Gabriel is just coming off as too creepy now. He’s showing up everywhere. I think that by this point Mia would be scared of him. How does Gabriel even know about the play anyway? Maybe I missed something. And wouldn’t he not go for fear that Mia’s husband shows up? Also - where is Dani when this little exchange happens in the theater? I would think she would come in with a witty or cynical remark or something very direct to Gabriel but she is MIA.
Pg. 71 –
This conversation between Gabriel and Mia is very “on the nose.” Try to give it more subtext and tension and make it less direct Q&A. It will be a lot more interesting.
Pg. 74 –
Love how she does this confession! Terrific.
Pg. 80 –
Nice twist with Gabriel getting a job and now forcing Mia to make a decision.
Pg. 94 –
Something about this surprise party scenario didn’t work for me. She was waiting for him to show up at the house for a LONG time, right? So why didn’t Dani call earlier if the set-up was that Dani would call her to get her out of the house???
Top of pg. 96 – This joke didn’t work for me – people DO still use gas stoves, although it does set up that nice joke at the top of pg. 100. Sometimes you gotta kill your babies.
MIA That's the worst advice I've ever heard. No one uses gas stoves anymore.
Bottom of pg. 102 – very nice twist with Gabriel coming back.
Pg. 104 – “DANI” should be “ANNE”
Anne walks off down the hallway. DANI Come with me.
Bottom of pg. 108 – Wait a minute. I’m really confused, didn’t Jake leave her in the previous scene? What’s he doing there playing with the kids? Okay – he’s just visiting. But I think you need a time passage in super before the start of this scene: SIX MONTHS LATER. Or maybe: ONE YEAR LATER – to make it clear.
A happy surprise ending! Those are always good.
This script definitely shows you know how to write a screenplay. It has a solid structure with the inciting incident occurring before pg. 10 and then lots of unexpected but plausible twists building to a surprising but happy ending. You’re right – it does read fast, and that is a testament to your screenwriting skills.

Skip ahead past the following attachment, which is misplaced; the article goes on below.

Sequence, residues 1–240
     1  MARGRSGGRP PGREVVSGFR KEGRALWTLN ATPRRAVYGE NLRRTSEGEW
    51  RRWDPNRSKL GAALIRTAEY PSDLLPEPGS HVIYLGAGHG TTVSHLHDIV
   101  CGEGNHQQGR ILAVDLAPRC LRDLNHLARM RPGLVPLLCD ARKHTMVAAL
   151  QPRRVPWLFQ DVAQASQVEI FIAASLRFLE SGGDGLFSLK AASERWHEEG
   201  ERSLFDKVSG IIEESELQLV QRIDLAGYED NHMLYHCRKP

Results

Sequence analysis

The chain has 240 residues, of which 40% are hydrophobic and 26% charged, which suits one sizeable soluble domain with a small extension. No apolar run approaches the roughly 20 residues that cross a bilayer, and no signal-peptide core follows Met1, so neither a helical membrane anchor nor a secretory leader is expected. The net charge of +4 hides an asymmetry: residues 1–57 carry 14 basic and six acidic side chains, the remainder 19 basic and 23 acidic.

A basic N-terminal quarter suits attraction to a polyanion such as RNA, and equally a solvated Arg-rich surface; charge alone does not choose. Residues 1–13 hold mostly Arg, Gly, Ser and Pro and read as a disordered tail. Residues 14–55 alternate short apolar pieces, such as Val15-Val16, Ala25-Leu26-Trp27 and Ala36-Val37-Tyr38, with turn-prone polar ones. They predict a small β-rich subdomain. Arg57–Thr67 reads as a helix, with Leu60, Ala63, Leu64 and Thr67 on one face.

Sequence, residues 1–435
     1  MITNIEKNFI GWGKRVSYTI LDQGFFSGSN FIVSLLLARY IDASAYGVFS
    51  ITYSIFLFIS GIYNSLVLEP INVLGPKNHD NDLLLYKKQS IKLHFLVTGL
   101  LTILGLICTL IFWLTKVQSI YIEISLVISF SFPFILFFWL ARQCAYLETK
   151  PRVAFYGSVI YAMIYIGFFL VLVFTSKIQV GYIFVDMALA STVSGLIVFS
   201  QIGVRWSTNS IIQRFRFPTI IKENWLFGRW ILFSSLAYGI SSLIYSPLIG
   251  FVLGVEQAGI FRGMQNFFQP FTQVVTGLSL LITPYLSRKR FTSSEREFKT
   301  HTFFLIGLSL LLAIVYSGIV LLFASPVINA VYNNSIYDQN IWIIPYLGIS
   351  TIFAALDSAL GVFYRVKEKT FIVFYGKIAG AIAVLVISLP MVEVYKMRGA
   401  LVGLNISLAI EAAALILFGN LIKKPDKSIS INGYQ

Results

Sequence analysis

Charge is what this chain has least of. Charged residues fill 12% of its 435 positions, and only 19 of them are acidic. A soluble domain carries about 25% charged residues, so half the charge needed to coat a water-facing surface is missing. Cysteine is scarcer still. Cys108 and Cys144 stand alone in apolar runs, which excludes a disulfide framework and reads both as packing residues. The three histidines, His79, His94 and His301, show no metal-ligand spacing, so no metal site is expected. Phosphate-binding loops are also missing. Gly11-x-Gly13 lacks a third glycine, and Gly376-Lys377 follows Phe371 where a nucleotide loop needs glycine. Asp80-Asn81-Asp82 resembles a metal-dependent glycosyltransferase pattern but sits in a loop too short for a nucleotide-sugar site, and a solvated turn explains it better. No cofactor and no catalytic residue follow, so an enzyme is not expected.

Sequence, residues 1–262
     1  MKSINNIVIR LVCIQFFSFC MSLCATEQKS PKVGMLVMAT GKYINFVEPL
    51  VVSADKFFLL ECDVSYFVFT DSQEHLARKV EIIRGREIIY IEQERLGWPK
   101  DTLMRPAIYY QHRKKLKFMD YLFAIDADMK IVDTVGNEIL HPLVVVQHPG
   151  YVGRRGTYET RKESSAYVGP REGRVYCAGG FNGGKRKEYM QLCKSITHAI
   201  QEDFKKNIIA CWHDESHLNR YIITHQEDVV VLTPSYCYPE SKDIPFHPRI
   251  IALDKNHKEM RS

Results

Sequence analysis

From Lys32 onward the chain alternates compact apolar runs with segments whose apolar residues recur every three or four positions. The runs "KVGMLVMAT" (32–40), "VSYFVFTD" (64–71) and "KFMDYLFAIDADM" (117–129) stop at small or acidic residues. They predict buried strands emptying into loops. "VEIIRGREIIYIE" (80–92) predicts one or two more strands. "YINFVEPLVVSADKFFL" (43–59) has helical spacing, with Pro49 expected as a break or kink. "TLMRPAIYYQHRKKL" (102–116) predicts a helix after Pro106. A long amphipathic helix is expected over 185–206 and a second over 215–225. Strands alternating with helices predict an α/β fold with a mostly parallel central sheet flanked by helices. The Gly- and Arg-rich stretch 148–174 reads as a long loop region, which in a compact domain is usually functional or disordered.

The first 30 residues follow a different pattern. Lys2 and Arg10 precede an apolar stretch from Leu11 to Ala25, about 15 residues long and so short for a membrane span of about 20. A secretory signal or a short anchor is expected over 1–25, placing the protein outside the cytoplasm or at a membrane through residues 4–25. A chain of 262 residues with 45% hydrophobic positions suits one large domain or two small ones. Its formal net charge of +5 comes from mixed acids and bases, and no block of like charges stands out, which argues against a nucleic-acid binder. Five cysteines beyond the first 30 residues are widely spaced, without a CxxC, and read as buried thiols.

With the exception of the aforementioned scene, I thought the dialogue was pretty solid, for the most part.
There are some laughs, but it’s a comedy and so I think you could go through and see how to make it funnier in parts.
There are some grammar and spelling issues (already mentioned above).
The concept overall would be a tough one to sell or option because it’s been done so many times before and you don’t really do anything new with it. That said, I think this is a competent screenplay that just needs some tweaking and maybe a few more drafts until it’s in top condition. I mean this as a compliment – I could see this on Lifetime, easily. However, I don’t really see it in the theater because it’s just not “high concept” enough, and also it’s a plot we’ve seen so many times before and this screenplay does not present a new take. But – by all means – please prove me wrong!
Thanks for the read, Kimberly. I enjoyed it! Nice work. Let me know if anything happens with it.
Mark, thank you so much for taking the time to give such a lengthy and thorough review! I apologize for all the typos and frankly I'm quite embarrassed as I'm always a stickler for typos when I review other people's scripts. It's this crappy new software I'm using. I thought I had the spell checker on, and then I was in a rush to submit and clearly didn't get a chance to re-read it first. So I appreciate you pointing them out for me.
You have given me so much to think about in terms of rewriting. I'm so anxious to get to it now.
No problem, Kim! Something else actually occurred to me about the screenplay:
At the end, when Gabrial suddenly reappears in Mia's life, she doesn't know that when he disappeared that morning, the morning after they had sex, that all he did was go out to get take-out food. The VIEWER knows that, but Mia doesn't, and that's why she tells her friend that he's an a-hole. So somehow you have to account for that. When he reappears, she wouldn't just jump right back into a relationship with him, right? Because she thinks he's a dog and all he wants is sex. You have to have a dialogue there - SOMETHING - where she finds out what really happened, otherwise it's just not believable that she would plunge right back in and not at least confront him about what he did (or what she thinks he did).
Also - what's the setting of the story? I got the feeling it was a suburb, but you can probably do a lot more with setting in this. Make setting work for you as character, in a way. Describe stuff more. Use it to for mood and to provide contrast.
don't know what i could say that mark hasn't covered but i did like this script as well. similar in theme to 'interesting strangers' with the girl being reluctantly dragged into a relationship with the knight in shining armor. however i liked both of them and you definitely know your own voice, which is good to see.